Eric Ewazen is an important American composer active in the latter twentieth and early twenty first centuries. He has demonstrated considerable versatility in his output, producing orchestral, piano, vocal, chamber, and various other works. He has favored brass and wind instruments in many of his compositions, however, and exhibits a unique style often tinged with the spirit of Copland, Creston, and other iconic American composers, and a melodic facility one critic compared to Prokofiev's, not that there is anything particularly Russian about his music.
Ewazen was born in Cleveland on March 1, 1954. He enrolled at the Eastman School of Music in 1972 and after graduating went on to Juilliard, where he earned a doctorate degree. Among his teachers were Milton Babbitt, Joseph Schwantner, Samuel Adler, and Gunther Schuller. He was active in composition even in his student years, turning out such works as Dagon for 5 cellos (1973), Psalm 90 for baritone, horn and piano (1977), and Kronos for brass quintet and tympani (1979). After receiving a BMI Award for Dagon, Ewazen continued with a string of composition prizes, his harvest including a Louis Lane Prize (1974) and Howard Hanson Prize (1976).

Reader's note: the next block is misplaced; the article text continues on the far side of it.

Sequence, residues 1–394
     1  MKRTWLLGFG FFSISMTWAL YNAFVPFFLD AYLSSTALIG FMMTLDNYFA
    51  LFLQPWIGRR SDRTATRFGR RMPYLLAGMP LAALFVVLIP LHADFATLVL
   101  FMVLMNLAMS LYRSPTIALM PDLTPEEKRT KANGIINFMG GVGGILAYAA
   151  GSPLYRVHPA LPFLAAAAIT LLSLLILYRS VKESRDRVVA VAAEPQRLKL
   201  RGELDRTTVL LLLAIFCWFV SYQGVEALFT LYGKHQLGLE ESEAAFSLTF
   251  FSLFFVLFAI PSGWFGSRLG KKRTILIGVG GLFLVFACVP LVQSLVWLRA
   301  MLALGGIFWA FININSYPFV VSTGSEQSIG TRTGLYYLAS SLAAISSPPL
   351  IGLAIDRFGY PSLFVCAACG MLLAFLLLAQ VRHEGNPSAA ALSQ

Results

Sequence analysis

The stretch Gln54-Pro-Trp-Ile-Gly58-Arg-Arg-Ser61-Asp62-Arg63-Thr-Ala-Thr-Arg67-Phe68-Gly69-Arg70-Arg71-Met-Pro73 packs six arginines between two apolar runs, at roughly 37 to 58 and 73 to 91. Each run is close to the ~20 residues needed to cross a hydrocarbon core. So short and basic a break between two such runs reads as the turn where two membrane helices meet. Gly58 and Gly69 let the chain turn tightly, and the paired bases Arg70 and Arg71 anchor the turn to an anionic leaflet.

Ewazen joined the faculty at Juilliard in 1980 and serves as professor of composition there. He remained active in composition with highly successful works like the Colchester Fantasy for brass quintet and Ballade for clarinet, harp, and strings, both from 1987, and the American Indian-inspired 1996 work Shadowcatcher for brass quintet and orchestra, regarded by many critics as one of his finest compositions.
From the 1980s onward Ewazen extended his ties to education and to actively promoting serious music in general by accepting numerous invitations to appear at universities in the United States and abroad, including Curtis, Peabody, Boston Conservatory, the Santa Cruz Conservatory, and the Birmingham Conservatory in England. In addition, in 1992 Ewazen became a lecturer for the New York Philharmonic Musical Encounters program.
Ewazen has garnered numerous prestigious commissions in the new century, including a pair on patriotic subjects: Legacy (2000), for the Bi-Centennial of West Point, and Flight (2001), for the U.S. Air Force Band in Langley, VA. His later works include Rhapsody for trumpets and orchestra, whose successful 2005 premiere he attended in Bangkok, Thailand.